Alison Garwood Jones

Frenchiness

August 9, 2011

As markets tumble and future nest eggs go “splat!” many of you are probably turning to your favourite crutches. For some, it’s beer and the boys. For others, it’s the sound of a golf ball bouncing at the bottom of the cup. For me, it’s good writing about places I love.

I lived in Paris back in the early-nineties.

©AGJ (using a Pilot Fineliner)

I was a grad student, at the time, and had a fellowship to do research on Paul Cézanne at the Musée d’Orsay. While I plugged away on my own stuff, I also worked on a Cézanne exhibition that would have a splashy opening in Paris before travelling to London’s Tate Gallery, then over to the Philadelphia Museum of Art.

Every day the curators would send me off to various libraries and archives with a shopping list of facts they needed confirmed about Cézanne’s life: his apartment numbers across the city, who he lived with and where he bought his painting supplies — that sort of thing. I dealt with a lot of bird-like women working behind library counters and became friendly with the French-speaking Italian vendor who sold me a ham sandwich and fluffed coffee every day in the café around the corner from the Biblioteque Nationale. Like the gang at Cheers calling out “Norm!” he would shout out “Alta!” (Italian for “tall”) every time I came into his store.

Sometimes I still can’t believe I lived in Paris. I had no permanent home back then and threw myself at opportunities without ever making pros and cons lists. My instincts about my interests were that certain.

So as markets roil and my stomach drops, I wanted to share some current observations about Paris collected by my friends, Stephen Strauss, a fellow journalist, and his wife Betty White, a painter. They are spending the summer in Paris and sending back detailed missives about their adventures.

Here’s a letter Stephen sent last week. I love it.

What don’t you expect to see in Paris

American Plains Indians in tribal gear dancing their tribal dances along the newly white sanded banks of the Seine while tourists in tour boats wave to them.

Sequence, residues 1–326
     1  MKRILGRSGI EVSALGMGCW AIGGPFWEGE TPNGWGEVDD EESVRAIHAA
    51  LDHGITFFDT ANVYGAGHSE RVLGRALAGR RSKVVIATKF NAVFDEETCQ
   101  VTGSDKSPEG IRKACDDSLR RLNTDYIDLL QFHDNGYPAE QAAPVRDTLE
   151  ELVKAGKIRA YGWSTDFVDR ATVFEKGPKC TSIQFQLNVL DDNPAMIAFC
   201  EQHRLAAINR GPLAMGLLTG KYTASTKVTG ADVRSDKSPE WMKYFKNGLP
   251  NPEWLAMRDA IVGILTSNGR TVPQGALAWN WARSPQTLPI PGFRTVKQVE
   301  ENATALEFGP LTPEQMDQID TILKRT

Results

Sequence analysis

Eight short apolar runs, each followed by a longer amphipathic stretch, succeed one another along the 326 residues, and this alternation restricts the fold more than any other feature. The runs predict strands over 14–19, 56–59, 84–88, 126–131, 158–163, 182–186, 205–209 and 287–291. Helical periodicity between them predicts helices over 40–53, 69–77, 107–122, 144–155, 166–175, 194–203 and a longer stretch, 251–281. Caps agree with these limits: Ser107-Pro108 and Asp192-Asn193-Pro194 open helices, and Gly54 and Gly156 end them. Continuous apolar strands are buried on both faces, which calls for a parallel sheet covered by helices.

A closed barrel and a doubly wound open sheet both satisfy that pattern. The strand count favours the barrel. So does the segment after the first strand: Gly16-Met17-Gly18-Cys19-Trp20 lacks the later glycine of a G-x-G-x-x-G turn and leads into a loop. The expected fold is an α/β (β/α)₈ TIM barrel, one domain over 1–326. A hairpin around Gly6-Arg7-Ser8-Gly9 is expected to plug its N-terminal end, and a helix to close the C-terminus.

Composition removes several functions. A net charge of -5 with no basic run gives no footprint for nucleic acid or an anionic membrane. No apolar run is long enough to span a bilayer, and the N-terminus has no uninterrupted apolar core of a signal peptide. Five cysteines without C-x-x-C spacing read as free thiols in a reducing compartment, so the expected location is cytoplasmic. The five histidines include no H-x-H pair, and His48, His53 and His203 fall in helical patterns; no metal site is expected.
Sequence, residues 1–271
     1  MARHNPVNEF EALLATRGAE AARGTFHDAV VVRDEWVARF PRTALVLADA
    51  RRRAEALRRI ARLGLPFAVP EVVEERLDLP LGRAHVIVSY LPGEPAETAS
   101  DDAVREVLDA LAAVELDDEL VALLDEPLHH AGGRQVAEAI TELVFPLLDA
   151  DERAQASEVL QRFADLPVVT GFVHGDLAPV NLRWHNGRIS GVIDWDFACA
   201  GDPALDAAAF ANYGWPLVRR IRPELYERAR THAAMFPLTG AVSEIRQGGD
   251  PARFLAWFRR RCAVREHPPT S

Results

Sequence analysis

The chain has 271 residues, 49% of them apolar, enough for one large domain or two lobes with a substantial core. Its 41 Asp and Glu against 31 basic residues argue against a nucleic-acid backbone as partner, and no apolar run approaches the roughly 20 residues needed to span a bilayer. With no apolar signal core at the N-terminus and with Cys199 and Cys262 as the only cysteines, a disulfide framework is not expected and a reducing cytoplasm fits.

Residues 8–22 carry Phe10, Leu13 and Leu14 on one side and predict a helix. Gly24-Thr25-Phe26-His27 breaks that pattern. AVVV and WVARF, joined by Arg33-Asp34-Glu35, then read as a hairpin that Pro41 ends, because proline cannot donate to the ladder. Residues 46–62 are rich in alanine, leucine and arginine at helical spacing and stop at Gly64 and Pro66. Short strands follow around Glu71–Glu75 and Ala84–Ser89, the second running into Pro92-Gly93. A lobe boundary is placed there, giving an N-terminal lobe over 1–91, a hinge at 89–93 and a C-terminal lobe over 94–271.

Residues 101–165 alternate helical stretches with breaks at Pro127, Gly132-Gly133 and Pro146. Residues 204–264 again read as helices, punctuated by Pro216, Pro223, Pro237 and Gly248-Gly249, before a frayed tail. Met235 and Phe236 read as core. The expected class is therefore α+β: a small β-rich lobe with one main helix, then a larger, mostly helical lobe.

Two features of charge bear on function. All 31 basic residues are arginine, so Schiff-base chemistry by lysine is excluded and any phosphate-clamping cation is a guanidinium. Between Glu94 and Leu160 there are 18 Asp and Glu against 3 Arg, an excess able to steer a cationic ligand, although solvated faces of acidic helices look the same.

Graffiti on a Paris wall saying: “Sorry to write on your wall.”

The absolute favourite drink of cool Parisians being a diet coke called Coke Zero – the favourite no matter what vintage.

Scads of young, beautiful, wealthy Parisians taking out packs of Camels, Marlboroughs, Lucky Strike and other American cigarettes with Fumer Tue/Smoking Kills written in large letters on their backs and still smoking because it is cooler to be cool than to avoid cancer.

Anything, except for French wine, sold as cheaply as it is in Canada.

A young French couple asking an old Canadian couple for advice on what makes a marriage last after having known one another other for 10 minutes and being told that a similar sense of humour is more important than sex in the long run. And watching the French couple listening extremely, extremely intently to that bit of unromantic advice.

Cars and buses and trucks streaming clouds of this season’s latest pollution.

A photo gallery sign saying it doesn’t sell reprints.

The best Iraqi food in the world.

Hyper aggressive deaf/mute beggars.

A fully furnished apartment which somehow still lacks a can opener.

Being much more afraid of bicycle riders than car drivers when it comes to pedestrian safety.

The fate of a French woman who wrote a treatise during the French Revolution arguing that men and women should have equal rights. She was guillotined.

A favourite thing to throw into fountains now that the euro has become such an expensive coin. Individual playing cards.

A six-pack of Snickers.

Someone taking foie gras home in a doggy bag.

Three Turkish television stations.

 

Share on FacebookTweet about this on TwitterPin on PinterestShare on LinkedIn
 

One response to “Frenchiness”

  1. stephen strauss says:

    Chere Alta/Grande/gross:
    Merci infiniment for the citation.and In return let me suggest a future topic for your reflections. We met a friend in Paris who is slim and pretty who told us an interesting thing. She feels much more body-type at home in Paris than Toronto because there are so many more people who look like her in The City of Lights. "I always feel people in Toronto think there is something wrong with me," she told us. I wonder. Did this match your experience in Paris? Did your body type speak Parisian-French as it were?
    S

Leave a Reply

Your email address will not be published. Required fields are marked *